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May 2016
As We Celebrate Mother's Day

Mother's Day is now freshly behind us, and we want to take a moment to give a shout out to all GWIS members that are moms as well. We salute you! In fact, we would like to acknowledge our members who do double duty as scientists and moms in our upcoming spring Bulletin. If your children are young or old, send a picture of yourself with them to our Bulletin editor, Rozzy Finn. We will publish them in a collage with your fellow GWIS members. Also, do you have any tips for other scientist moms out there? Include them with your photo! Please send all submissions by next Tuesday, May 17.

In this issue, we take a look at the future prospects for mothers working in science, particularly for women who aspire to remain in academia. Two articles are featured; the first is an interview of L'Oreal USA Women in Science fellowship winner Ming Yi, a postdoc at UC Berkeley who is making inroads in the female-scarce field of condensed matter physics and has had to take initiative to find balance as she raises a daughter born while she was still in graduate school. A second article addresses concerns many women still feel they face in trying to "have it all" on a research path in academia. 
Don't Miss the GWIS 2016 National Conference!

Rho Tau is proud to host the 2016 GWIS National Conference on June 23-25, 2016. During the National meeting, scientists from all career stages will have the opportunity to network, share their science and gain first-hand science outreach experience at a local science museum. The key note speaker will be Dr. Holly Menninger, Director of Public Outreach for the College of Sciences at NC State University. Also featured will be panel discussions on science literacy and the role of STEM professionals in science outreach as well as poster presentations and talks from GWIS scientists. 

Opportunities will be available for attendees to engage in science outreach at the North Carolina Museum of Natural Sciences. Preregistered conference participants will be given the opportunity to either speak about their research to the public or attend tables with topic materials on hand. The day will end with a banquet, silent auction and a comedy set from "The Science Comedian", Brian Malow.

The deadline for participating in science outreach at the North Carolina Museum of Natural Sciences is May 15. Sign up soon!
The 2016 GWIS elections will take place at the national meeting on June 23rd.
Click below to view the nominees for GWIS officers 
L'Oreal Fellowship Winner Ming Yi on Condensed Matter Physics, Support Networks, and Motherhood

Contributed by Dr. Nicole Barra

Ming Yi is a postdoctoral researcher and Condensed Matter Physicist at UC Berkeley who was one of five women awarded the $60,000 L’Oréal USA for Women in Science Fellowship in 2015. This fellowship identifies exceptional female researchers committed to serving as role models for women in the scientific community and for their contribution in STEM fields.
 Ming’s work has been recently highlighted by the L’Oréal Foundation in this video.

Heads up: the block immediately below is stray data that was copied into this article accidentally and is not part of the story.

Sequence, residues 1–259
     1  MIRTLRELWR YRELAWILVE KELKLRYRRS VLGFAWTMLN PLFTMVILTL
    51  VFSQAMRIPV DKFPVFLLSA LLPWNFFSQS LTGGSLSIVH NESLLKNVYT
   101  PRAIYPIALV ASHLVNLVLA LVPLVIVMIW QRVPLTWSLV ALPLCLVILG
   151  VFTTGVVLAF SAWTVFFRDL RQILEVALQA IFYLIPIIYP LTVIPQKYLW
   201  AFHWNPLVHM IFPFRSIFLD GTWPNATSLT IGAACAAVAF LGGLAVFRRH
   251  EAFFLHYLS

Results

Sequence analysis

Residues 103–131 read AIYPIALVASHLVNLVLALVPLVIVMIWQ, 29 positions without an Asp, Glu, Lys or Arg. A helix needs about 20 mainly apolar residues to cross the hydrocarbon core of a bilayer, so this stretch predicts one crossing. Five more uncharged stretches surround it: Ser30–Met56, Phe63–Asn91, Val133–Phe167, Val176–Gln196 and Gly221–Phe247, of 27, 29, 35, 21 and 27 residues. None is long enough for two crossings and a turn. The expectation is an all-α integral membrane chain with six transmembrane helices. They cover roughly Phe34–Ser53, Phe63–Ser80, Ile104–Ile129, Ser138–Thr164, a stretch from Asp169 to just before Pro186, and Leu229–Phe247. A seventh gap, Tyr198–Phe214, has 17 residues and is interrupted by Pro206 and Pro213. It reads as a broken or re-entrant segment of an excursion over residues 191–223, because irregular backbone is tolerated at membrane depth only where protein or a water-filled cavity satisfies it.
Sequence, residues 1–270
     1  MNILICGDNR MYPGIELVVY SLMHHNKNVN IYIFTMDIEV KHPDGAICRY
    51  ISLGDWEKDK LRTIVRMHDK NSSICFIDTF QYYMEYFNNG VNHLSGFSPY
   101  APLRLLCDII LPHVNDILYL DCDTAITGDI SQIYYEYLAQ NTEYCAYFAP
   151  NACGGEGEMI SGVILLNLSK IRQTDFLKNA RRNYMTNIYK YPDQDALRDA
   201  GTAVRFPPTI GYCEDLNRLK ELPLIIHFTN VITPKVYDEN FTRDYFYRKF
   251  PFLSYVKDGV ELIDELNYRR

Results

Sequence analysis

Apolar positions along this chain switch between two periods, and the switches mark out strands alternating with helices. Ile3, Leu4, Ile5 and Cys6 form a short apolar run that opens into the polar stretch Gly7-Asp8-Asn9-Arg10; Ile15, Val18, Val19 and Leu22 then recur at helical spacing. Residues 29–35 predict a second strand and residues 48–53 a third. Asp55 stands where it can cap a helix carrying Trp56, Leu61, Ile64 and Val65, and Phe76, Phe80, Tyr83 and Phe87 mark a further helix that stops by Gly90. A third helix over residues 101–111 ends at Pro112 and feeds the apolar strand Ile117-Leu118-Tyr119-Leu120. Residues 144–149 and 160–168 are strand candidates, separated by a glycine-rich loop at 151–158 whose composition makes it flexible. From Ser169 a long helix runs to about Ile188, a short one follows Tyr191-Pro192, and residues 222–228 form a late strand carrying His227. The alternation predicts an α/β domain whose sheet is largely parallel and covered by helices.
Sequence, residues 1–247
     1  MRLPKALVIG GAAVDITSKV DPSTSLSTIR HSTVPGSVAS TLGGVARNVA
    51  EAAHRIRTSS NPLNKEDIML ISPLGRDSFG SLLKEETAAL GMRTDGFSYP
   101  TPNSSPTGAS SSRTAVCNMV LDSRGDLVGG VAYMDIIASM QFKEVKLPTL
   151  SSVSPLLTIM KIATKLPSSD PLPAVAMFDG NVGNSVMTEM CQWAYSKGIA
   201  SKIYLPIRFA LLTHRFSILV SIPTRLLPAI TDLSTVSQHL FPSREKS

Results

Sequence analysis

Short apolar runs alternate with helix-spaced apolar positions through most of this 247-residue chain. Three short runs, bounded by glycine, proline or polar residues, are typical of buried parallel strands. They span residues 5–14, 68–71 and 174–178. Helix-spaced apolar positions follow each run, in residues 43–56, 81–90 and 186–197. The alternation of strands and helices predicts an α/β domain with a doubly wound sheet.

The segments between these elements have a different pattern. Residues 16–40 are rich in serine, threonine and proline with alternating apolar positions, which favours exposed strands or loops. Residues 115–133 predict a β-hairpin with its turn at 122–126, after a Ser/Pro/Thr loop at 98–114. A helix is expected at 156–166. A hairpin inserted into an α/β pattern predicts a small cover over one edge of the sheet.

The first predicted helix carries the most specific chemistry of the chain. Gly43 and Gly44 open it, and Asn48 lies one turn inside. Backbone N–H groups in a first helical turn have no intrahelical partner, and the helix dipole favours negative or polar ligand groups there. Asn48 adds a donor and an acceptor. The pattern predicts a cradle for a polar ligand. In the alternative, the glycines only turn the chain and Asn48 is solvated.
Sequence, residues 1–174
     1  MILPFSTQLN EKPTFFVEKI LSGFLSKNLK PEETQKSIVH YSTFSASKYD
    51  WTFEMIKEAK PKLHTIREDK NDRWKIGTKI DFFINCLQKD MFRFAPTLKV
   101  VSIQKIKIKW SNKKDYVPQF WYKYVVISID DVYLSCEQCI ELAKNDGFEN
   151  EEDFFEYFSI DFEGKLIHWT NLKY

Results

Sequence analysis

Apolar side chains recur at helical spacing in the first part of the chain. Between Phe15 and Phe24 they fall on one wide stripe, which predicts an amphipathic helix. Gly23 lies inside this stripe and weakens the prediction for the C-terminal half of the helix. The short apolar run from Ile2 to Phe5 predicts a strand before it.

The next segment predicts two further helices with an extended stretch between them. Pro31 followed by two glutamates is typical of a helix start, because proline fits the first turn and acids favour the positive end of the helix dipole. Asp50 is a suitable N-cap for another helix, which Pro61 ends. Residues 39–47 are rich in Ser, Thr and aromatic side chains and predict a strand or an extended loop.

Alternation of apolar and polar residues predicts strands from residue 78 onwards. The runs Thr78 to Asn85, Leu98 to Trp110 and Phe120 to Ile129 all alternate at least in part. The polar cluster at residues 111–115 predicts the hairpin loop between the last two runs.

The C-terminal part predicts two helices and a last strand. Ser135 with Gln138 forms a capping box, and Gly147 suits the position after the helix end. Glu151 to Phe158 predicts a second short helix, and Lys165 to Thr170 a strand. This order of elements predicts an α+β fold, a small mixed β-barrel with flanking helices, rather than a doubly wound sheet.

During her graduate training at Stanford University, Ming developed a keen research interest in studying novel superconducting materials. These materials efficiently carry electricity without losing energy. Her work at Stanford’s Institute for Materials and Energy Sciences has been featured in numerous research publications including Nature Communications. Now a postdoctoral fellow at UC Berkeley, Ming continues to investigate fundamental properties of these materials, new techniques for investigating superconductors and how to synthesize these novel materials. Along with her scientific achievements, Ming is dedicated to mentoring and encouraging women in science through the development of support groups for mothers in STEM fields. As a new mother, Ming’s lifestyle changed dramatically during a vital stage in her career. It is her hope that this outreach program will grant women an opportunity to discuss common issues affecting new mothers and encourage women to continuously pursue research during critical times in their careers.

We were fortunate to connect with Ming and asked her to share with us her scientific journey and her experiences in balancing her flourishing scientific career with her family life.

Describe your work in condensed matter physics and why you are passionate about it.
I study materials that have very interesting properties that are not yet understood. Such properties include for example superconductivity, colossal magnetoresistance, and various kinds of magnetism. These material properties arise because of the intriguing spontaneous self-ordering and interactions of electrons, charges, spins at the microscopic fundamental level. Not only do these materials carry enormous potential for applications that can revolutionize our technologies, understanding the emerging patterns at the fundamental level tells us fascinating symmetry laws of nature. It’s that thrilling sense of discovery when we get to understand just a tiny bit more of the wonders of our universe that attracts me to work in condensed matter physics. In addition, I really enjoy interacting and being a part of the scientific community, composed of people who are driven and attracted by the same interests, young and experienced, men and women, whose wide range of ideas and styles makes research a lot of fun.

What are your career goals?
I have always enjoyed doing research. My hope is that I can continue making contributions to scientific discoveries in a research setting, interacting with both young and senior colleagues in a research group at an institution.

Who have your role models been?
I have been very fortunate to have had a string of awesome advisers and mentors throughout my academic career so far, including both men and women. They have shown me how to be leaders, how to balance work and family, how to encourage young researchers. All of them have had a great influence on where I am today.

What sort of examples have you observed in your career in striving for a work/life balance? Do you feel a STEM career has unique issues with balancing work and family?